There are worried conversations among older concert goers before this Sunday afternoon concert. They are concerned, not by the musical experience, but its length at 1 hour 40 minutes. Would we make it through without a visit to the loo?! This may be one reason why Mahler’s mighty Third Symphony is rarely done; a more likely one is the orchestral and choral forces that Mahler required – a huge orchestra with eight horns, four trombones, four trumpets and eight double bass. Also, Mahler required a contralto soloist for a relatively small part and two choirs of women and children who sing for only four minutes. This explains why this symphony was only first performed in Britain in 1961 and has rarely been done since. This afternoon we are lucky to have an orchestra in the Prague Symphony Orchestra who are clearly totally at home with this huge complicated work. We also have one of the hottest young conductors around in Pietari Inkinen, who has been their principal conductor since 2015. Inkinen is a Wagner specialist and has just been appointed to conduct the new Ring Cycle in Bayreuth in 2020, so clearly a 1 hour 40 minute work holds no terrors for him.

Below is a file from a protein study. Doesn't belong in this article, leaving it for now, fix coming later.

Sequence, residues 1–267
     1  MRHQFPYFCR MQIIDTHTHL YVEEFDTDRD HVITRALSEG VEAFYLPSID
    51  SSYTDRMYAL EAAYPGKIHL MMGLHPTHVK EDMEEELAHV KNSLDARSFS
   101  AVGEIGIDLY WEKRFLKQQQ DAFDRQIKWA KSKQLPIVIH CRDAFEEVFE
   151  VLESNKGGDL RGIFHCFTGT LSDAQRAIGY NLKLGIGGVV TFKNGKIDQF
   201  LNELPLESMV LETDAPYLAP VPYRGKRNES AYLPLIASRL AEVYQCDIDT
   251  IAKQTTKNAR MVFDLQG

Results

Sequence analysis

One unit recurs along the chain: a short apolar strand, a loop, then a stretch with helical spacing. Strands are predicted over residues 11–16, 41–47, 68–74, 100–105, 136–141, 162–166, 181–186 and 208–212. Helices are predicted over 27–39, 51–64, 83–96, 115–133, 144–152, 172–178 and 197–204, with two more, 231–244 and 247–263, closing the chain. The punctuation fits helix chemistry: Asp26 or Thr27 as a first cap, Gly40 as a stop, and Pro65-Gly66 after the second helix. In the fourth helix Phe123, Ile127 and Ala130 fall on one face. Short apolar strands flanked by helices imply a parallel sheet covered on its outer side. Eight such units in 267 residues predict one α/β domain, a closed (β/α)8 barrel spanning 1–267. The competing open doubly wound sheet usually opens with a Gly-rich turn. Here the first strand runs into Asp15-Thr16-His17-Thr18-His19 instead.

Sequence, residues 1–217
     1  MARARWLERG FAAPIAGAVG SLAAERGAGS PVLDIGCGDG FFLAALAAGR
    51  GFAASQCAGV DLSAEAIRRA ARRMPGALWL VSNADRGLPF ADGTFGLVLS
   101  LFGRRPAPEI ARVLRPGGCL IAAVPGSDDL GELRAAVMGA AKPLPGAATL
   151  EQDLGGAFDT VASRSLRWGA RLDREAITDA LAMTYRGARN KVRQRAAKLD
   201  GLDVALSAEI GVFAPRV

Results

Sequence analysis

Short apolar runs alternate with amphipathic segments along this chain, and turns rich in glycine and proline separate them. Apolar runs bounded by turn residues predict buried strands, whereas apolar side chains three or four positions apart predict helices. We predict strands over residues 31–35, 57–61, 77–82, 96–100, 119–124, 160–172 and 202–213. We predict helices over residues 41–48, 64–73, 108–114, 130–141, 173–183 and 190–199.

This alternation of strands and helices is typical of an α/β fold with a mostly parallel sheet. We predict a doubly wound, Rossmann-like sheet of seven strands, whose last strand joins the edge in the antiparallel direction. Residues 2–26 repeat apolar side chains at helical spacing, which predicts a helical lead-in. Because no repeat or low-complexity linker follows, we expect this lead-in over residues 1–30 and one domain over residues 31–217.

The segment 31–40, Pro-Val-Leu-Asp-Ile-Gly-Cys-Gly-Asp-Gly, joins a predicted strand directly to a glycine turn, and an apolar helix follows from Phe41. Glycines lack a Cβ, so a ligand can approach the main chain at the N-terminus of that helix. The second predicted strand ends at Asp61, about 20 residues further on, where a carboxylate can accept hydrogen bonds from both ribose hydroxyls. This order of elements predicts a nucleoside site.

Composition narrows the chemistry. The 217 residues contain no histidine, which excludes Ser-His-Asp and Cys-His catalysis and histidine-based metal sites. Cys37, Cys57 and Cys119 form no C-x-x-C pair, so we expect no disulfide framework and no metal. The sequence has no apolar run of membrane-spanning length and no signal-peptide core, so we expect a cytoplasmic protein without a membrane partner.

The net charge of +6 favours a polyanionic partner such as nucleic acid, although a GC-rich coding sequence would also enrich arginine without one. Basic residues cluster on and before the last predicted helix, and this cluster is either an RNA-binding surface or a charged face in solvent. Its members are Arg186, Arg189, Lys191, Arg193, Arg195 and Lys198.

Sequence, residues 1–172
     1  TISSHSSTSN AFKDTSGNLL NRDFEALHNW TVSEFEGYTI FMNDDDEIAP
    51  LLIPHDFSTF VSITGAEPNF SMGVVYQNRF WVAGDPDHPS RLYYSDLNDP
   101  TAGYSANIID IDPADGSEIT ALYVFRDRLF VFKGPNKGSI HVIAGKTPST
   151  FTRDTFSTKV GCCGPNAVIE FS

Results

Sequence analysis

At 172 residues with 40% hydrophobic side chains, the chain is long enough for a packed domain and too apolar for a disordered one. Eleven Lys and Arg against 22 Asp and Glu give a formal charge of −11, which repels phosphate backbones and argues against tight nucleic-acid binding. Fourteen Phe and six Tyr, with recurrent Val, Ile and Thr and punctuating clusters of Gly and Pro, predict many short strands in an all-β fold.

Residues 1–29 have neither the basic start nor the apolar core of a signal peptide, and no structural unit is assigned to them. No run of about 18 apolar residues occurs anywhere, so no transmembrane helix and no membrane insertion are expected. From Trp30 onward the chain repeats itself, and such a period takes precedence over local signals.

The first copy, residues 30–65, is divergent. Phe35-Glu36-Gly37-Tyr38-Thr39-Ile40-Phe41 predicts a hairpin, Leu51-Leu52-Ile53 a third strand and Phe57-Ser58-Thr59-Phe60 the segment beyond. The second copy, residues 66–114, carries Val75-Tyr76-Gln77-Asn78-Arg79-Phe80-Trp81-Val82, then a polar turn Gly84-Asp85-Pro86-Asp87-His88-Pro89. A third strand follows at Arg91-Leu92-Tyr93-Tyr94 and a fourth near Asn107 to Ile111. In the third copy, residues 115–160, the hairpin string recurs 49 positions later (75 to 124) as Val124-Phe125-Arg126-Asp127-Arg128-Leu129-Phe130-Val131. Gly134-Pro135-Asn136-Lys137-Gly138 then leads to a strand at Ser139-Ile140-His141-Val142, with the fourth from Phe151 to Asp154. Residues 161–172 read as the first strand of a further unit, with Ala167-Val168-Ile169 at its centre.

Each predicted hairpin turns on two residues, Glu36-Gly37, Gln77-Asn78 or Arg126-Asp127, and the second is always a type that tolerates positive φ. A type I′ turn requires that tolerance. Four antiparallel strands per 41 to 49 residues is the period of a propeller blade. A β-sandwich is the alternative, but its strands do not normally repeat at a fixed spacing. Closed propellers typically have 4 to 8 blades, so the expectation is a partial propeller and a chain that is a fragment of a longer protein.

Mahler apparently told Sibelius that his Third Symphony ‘must be like the world; it must contain everything!’ This approach may be explained by Mahler’s interest in the philosophy of Frederick Nietzsche, the great German philosopher, who was very influential in 1896 when Mahler composed this symphony. Indeed, he gave it the name The Joyful Knowledge, the same title as a book by Nietzsche and the contralto solo is based on Nietzsche’s Midnight Song. Mahler also gave a description of each of the six movements in an attempt to explain the effect he wanted from part one – ‘Pan awakes; Summer marches in’, which at 40 minutes is the longest of all the movements (even longer than most symphonies!) – through shorter movements ,to the final movement, ‘What love tells me’.

The music the Prague Symphony Orchestra produce is exceptional from the start, with the brass and particularly the eight horns producing a very loud resonance from the grand circle ceiling. This creates a slight problem of balance in this 40 minute long first movement, as the strings are often hidden by the power of the brass and the wind. The lead horn is also somewhat distracting, sitting a little apart from the other horns, wearing a black bandana and outdoor jacket, in contrast to the other traditionally turned out players, and is constantly restless, although he does play very well. Later in the work, the strings come more to the fore and the orchestra, under the very sure control of Inkinen, show their knowledge of the work. The fourth movement features the very fine Czech mezzo-soprano Ester Pavlu whose rich creamy voice fills the Usher Hall. She is backed up by singers from the National Youth Choir of Scotland, Edinburgh Royal Choral Union and Edinburgh University Chamber Choir, who make the most of their brief contribution. It is a monumental Mahler afternoon and a work which many of us may not hear again.